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  • China Leadership Monitor

CLM Insights Interview with Chun Han Wong

Chun Han Wong. Party of One: The Rise of Xi Jinping and China’s Superpower Future. New York: Avid Reader Press, May 2023. 416 pp. ISBN10-1982185732; ISBN-13-978-1982185732


Chun Hang Wong CLM Issue 77 September 2023
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Chun Han Wong. Party of One: The Rise of Xi Jinping and China’s Superpower Future. New York: Avid Reader Press, May 2023. 416 pp. ISBN10-1982185732; ISBN-13-978-1982185732

Insights Interview

1. Xi Jinping has been in power for more than a decade. Based on his record and how he has responded to the problems he has faced in the last decade, what do you believe are his core ideological beliefs and leadership traits? Have these beliefs and traits served him well?

Since taking power in late 2012, Xi Jinping has shown a fundamental commitment to entrenching Communist Party rule in China, in particular by upholding its core principles of top-down control and iron discipline. We can trace this, in part, to his background as a son of a revolutionary elder, Xi Zhongxun, who believed that the party’s interests stand above all else. Xi Jinping’s traumatic upbringing during the Cultural Revolution likely also instilled in him a deep-seated desire to prevent such chaos from ever ravaging China again.

Xi has also showcased a shrewdness in accumulating power and navigating palace politics, gleaned through his family’s experiences and through his own experiences during the Mao and Deng years. He appears very economical in how he spends political capital to sideline and purge rivals, while his seeming unpredictability in terms of personnel choices leaves even his supporters never quite sure of where they stand with him.

These traits have served Xi well in terms of consolidating his personal power. In this narrow sense, you cannot argue with the results—he has now entered his third term as paramount leader with no discernable challenger in sight, and he has gone through some major crises with his authority remaining intact. But his obsession with control, in particular, has also frustrated his agenda, with ideology trumping expertise in how the party is tackling some of China’s developmental challenges and with bureaucrats taking things too far in trying to please the boss.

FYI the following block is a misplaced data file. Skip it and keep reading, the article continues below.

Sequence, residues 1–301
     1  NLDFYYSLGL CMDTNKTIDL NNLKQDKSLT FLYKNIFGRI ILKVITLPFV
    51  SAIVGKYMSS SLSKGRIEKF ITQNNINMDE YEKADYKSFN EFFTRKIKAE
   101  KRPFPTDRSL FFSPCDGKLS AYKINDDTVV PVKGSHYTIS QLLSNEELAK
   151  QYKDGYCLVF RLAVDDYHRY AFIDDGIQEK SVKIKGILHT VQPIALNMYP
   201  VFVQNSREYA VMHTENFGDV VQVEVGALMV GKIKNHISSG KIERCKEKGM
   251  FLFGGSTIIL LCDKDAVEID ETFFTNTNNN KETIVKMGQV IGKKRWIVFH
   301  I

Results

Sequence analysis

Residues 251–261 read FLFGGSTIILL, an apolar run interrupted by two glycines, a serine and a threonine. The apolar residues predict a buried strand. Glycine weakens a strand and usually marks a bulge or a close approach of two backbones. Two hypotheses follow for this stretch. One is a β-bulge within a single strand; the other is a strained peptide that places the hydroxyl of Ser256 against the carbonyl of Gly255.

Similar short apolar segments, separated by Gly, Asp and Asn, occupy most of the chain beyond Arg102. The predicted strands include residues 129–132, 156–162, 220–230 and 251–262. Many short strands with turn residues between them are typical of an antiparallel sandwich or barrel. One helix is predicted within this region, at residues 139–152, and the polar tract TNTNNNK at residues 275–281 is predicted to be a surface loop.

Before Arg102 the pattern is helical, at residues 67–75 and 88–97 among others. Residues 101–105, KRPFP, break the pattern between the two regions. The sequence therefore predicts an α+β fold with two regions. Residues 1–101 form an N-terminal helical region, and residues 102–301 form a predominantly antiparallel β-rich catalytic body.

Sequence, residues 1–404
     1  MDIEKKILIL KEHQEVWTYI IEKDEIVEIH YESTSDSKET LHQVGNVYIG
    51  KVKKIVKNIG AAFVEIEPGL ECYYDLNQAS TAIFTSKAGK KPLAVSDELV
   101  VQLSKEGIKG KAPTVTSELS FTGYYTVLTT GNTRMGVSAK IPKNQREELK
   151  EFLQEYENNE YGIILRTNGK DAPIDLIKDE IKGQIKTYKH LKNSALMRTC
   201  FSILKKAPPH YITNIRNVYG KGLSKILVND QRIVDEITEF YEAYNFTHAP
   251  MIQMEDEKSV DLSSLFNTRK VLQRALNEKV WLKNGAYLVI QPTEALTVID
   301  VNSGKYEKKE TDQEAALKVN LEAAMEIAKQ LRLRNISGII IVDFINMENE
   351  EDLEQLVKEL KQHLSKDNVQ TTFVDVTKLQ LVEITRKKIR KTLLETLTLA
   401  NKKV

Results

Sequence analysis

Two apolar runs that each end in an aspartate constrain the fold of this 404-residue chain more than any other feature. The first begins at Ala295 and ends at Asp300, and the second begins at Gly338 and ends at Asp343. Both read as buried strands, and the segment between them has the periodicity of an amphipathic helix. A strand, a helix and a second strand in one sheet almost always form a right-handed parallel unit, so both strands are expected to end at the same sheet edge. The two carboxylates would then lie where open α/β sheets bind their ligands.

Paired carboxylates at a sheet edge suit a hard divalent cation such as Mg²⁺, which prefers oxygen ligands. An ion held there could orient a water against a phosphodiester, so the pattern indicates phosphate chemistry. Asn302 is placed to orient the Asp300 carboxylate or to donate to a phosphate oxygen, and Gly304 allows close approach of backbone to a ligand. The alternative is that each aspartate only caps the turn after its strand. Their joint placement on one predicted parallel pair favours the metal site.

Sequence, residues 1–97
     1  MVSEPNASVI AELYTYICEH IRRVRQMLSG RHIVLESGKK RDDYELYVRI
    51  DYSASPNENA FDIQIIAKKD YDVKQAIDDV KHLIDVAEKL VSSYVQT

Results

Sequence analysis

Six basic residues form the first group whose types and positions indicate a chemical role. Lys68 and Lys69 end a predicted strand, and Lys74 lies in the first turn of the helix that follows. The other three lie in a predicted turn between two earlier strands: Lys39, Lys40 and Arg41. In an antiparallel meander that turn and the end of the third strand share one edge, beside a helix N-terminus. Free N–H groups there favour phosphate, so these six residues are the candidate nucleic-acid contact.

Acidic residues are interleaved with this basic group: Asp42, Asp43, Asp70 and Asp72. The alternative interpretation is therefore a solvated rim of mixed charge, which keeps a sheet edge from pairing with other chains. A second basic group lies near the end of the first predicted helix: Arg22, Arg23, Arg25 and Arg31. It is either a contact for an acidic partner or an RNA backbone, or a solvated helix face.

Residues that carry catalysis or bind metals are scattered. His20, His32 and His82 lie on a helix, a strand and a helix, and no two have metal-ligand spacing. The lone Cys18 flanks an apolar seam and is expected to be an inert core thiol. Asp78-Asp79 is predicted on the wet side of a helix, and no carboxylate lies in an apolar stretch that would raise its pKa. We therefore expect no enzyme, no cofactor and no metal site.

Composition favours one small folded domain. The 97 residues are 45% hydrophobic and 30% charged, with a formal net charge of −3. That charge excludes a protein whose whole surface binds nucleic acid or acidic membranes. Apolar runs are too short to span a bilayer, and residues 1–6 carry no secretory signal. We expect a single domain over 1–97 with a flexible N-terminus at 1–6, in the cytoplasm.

Xi’s emphasis on loyalty and discipline has exacerbated the bureaucracy’s longstanding instinct of managing upwards. Many officials find themselves caught between the difficulties of implementing Xi’s sometimes vague and contradictory edicts and a visceral fear of being punished for failing to deliver on those demands. Some err on the side of aggressive implementation (to avoid being seen as negligent or indolent), while others default to “formalism,” simulating compliance with Beijing by engaging in political rituals that prioritize form over substance.

We have already seen what can happen when officials become too aggressive in implementing Xi’s orders—from the overnight wipeout of China’s private-education sector; to the major power shortages resulting from attempts to slash carbon emissions; to the social and economic damage inflicted by “zero Covid.” We may well see more examples unfold in the future as long as Xi continues to rely on fear as a key instrument of power.

2. The Communist Party in the post-Tiananmen era has relied on Chinese nationalism as a source of public support. How do Xi’s strategy and tactics resemble or differ from those of Jiang Zemin and Hu Jintao? Has nationalism paid off for Xi?

Fanning nationalistic fervor is an old tool in the Communist Party playbook. Jiang Zemin started pushing patriotic education in the 1990s and Hu Jintao followed suit, with nationalist passions hitting a notable climax during the 2008 Beijing Olympics. Xi Jinping took this one step further by championing his “China Dream” of national rejuvenation—putting patriotism front and center in his political platform and tilting the basis for party legitimacy from economic performance to emotional appeal.

The use of nationalism also goes beyond rallying political support for the party. It is a central element in Xi’s push to forge a singular Chinese national identity, a core component of the China Dream. From Xi’s perspective, the party can use this patriotic fervor to better assimilate the ethnic minorities—in areas like Xinjiang and Tibet—and to pacify territories like Hong Kong and bring them more closely in line with his conception of the Chinese nation.